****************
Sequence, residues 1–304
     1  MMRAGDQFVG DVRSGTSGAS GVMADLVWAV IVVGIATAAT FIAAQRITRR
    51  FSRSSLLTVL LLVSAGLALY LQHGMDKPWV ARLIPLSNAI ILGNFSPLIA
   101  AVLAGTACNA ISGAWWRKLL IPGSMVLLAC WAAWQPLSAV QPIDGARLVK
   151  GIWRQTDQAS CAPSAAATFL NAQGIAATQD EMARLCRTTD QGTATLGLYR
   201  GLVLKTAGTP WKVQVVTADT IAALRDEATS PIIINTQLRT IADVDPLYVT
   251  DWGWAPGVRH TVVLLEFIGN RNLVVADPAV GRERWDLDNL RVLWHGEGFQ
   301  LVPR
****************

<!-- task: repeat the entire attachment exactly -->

Sequence, residues 1–304
     1  MMRAGDQFVG DVRSGTSGAS GVMADLVWAV IVVGIATAAT FIAAQRITRR
    51  FSRSSLLTVL LLVSAGLALY LQHGMDKPWV ARLIPLSNAI ILGNFSPLIA
   101  AVLAGTACNA ISGAWWRKLL IPGSMVLLAC WAAWQPLSAV QPIDGARLVK
   151  GIWRQTDQAS CAPSAAATFL NAQGIAATQD EMARLCRTTD QGTATLGLYR
   201  GLVLKTAGTP WKVQVVTADT IAALRDEATS PIIINTQLRT IADVDPLYVT
   251  DWGWAPGVRH TVVLLEFIGN RNLVVADPAV GRERWDLDNL RVLWHGEGFQ
   301  LVPR